Have we gone too far in worrying about handedness in defencemen?

At the World Championships in Denmark this year, the Russian team had only one right-shooting defender. Worse than that, they had only one right-shooting forward, and he was hurt at the start of the tournament. This led to an interesting situation where the one and only righty got used to excess on the power play, and he had to do two things: pull the trigger on the point shots and roll in and play from a little deeper in.

This all helped make him the fourth-highest scoring defender at the tournament with eight assists in 8 games. He finished behind only Charlie McAvoy, Markus Nutivaara and Colton Parayko. He was the fourth-highest scorer on his own team, and led the rest of the Russian defenders by a long margin.

A great philosopher once said: If there are ten thousand spoons one knife really stands out.--Alanis Morrisette as interpreted by AT Fulemin

In this weird situation, where Nikita Gusev was the only righty up front, Nikita Zaitsev was the king of the defenders by a margin beyond his legitimate skill advantage over the group, just by virtue of his right shot.

Beyond the desire to have a defender play his natural side on the power play, there is a lot of easily intuited value to playing everyone on the natural side all the time. The most often cited examples are carrying the puck up ice in a way that allows the player to protect it better and being in a good position to either shoot or pass effectively.

We don’t seem to have as big an issue with forwards playing opposite to the “natural side”. Some forwards have made a career out of either playing their offside or by moving to the offside to get a shooting angle they prefer. Zach Hyman and Josh Leivo on the Leafs both shoot right, and both are usually left wingers. All of Tyler Ennis, Andreas Johnsson, Kasperi Kapanen and Carl Grundstrom will play either wing, though not necessarily equally well.

That said, two of the Leafs best forwards at moving the puck up-ice, William Nylander and Mitch Marner, do it up the right side, even if they both like to shoot from the left side a fair amount. Marner, more so.

Obviously the defenders play a more static role in the offensive zone, so you can always tell a defender’s position by his shooting location.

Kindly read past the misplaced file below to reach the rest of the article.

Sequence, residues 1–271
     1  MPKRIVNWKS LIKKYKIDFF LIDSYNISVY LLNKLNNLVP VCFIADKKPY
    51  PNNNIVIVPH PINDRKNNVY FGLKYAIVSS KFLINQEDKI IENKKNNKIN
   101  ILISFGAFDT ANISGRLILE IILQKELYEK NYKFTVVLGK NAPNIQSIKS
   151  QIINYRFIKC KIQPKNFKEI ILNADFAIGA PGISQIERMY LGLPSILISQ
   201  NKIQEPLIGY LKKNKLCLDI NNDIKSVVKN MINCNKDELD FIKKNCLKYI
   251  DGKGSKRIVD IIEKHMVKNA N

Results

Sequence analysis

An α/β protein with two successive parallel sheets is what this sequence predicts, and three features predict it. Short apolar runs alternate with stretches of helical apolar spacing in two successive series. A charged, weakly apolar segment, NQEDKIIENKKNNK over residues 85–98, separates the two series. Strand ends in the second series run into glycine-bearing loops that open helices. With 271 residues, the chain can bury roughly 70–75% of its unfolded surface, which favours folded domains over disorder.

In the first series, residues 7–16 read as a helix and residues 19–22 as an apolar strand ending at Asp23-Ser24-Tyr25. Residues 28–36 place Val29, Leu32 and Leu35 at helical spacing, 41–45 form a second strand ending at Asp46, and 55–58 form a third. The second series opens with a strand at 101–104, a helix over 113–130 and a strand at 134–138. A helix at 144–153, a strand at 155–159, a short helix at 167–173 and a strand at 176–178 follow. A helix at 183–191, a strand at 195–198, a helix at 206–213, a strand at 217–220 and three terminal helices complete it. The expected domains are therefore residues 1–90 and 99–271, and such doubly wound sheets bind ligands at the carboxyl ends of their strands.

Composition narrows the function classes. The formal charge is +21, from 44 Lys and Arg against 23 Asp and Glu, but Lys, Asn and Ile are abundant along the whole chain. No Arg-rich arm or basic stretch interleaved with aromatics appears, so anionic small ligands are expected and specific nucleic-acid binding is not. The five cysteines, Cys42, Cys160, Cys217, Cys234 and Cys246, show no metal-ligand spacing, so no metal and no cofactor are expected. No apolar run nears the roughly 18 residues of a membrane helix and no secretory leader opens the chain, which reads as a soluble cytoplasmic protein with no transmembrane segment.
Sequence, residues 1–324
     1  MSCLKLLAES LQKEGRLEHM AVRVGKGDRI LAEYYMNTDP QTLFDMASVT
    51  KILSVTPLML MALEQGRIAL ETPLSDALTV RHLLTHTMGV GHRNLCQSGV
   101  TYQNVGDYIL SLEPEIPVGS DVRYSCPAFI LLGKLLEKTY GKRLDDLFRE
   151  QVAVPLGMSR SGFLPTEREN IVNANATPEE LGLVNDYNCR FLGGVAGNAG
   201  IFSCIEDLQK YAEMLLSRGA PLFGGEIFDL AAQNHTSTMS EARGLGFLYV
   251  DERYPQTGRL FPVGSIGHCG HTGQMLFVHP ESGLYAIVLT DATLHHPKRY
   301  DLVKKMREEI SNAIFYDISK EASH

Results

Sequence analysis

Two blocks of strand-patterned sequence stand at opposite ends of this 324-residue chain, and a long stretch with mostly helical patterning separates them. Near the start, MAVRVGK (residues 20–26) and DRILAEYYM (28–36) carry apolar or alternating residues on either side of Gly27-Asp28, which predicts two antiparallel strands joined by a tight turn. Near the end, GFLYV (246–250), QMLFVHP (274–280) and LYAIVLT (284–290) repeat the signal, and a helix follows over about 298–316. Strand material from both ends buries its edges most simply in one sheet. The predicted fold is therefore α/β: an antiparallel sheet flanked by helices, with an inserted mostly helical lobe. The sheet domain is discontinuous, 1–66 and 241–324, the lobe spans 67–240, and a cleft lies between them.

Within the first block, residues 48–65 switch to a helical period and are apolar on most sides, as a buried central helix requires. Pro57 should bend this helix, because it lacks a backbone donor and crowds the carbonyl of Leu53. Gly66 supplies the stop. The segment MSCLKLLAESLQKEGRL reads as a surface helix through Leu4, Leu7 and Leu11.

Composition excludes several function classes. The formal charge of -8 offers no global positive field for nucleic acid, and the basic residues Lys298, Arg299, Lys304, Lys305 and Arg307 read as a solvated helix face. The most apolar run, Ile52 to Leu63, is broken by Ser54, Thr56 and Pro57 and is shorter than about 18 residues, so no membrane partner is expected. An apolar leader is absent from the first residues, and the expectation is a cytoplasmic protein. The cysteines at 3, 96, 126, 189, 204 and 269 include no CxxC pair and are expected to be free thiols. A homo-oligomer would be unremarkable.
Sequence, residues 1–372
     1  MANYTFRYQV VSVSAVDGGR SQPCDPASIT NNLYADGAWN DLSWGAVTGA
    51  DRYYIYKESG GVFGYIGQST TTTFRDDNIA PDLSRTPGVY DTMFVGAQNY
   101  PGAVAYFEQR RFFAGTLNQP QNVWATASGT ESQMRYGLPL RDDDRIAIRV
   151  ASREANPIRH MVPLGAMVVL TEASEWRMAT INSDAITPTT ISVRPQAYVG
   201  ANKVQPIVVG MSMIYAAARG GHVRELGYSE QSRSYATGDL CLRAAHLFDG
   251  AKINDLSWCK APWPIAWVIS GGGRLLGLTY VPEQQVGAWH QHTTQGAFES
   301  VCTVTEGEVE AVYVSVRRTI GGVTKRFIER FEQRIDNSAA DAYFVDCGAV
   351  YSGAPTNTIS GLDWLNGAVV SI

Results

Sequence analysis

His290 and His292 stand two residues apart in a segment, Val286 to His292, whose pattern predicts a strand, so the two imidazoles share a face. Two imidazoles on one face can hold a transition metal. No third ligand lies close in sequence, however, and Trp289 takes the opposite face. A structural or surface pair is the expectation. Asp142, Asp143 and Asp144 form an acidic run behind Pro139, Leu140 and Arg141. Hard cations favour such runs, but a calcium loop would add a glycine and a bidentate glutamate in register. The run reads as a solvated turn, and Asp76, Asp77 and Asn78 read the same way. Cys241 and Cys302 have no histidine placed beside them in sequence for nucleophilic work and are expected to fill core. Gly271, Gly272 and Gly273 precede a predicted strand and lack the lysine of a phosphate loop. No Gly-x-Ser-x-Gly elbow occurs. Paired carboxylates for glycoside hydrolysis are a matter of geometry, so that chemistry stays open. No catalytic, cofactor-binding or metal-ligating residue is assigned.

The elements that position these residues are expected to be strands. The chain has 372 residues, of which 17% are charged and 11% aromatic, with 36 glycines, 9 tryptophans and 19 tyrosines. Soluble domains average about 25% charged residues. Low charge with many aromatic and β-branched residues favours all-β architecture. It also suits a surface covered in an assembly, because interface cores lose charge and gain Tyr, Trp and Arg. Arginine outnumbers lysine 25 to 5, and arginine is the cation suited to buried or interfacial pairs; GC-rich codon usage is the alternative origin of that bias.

Well, almost always. And yes, I know he sometimes played right, but no one shoots like him. Except Ron Hainsey, that is, who does occasionally switch over to his natural side, and only shoots from the blueline.  Hainsey does shoot more from the left side than can be explained by the brief time he was on the ice with Zaitsev.

Rules or more like guidelines, really?

The idea that defenders must only ever play on their natural side for always and evermore has gone from a thing talked about occasionally by Leafs fans as they wondered if Morgan Rielly would do better on his natural side to an assumption that the only way onto the roster is to fill a spot on the appropriate side. Mike Babcock has stated his preference for defenders to play on their natural side, and fans have made it a hard and fast rule.

This is complicated by the existence of the top four defenders in terms of ice time last season being Jake Gardiner (L), Morgan Rielly (L), Zaitsev (R) and Hainsey (L). And by likely value in the coming season (eventually): Travis Dermott (L) in for Hainsey.  Not many people would suggest you play Dermott on the third pair forever just because he’s inconveniently handed.

So how do you decide when to make the exceptions? One thing about Hainsey and Marincin is that by virtue of their long-bomb style of play, they don’t really gain a whole lot by being on their strong side to shoot those bombs. Neither shoot much anyway. So that leads to questions of the importance of handedness in defending and carrying the puck up the ice. Hainsey is not your puck-carrying man, but Marincin, possibly by virtue of his very good zone entry denial gets the transition going a bit more.  Neither of these players are Morgan Rielly, who carries the puck in a fair amount for a defender. So, it’s fair to wonder if handedness matters as much for the guys least likely to carry the puck.

It affects passing, of course, and digging the puck out behind the net and a whole host of other things, but how much should we care?

Handedness matters, but how much?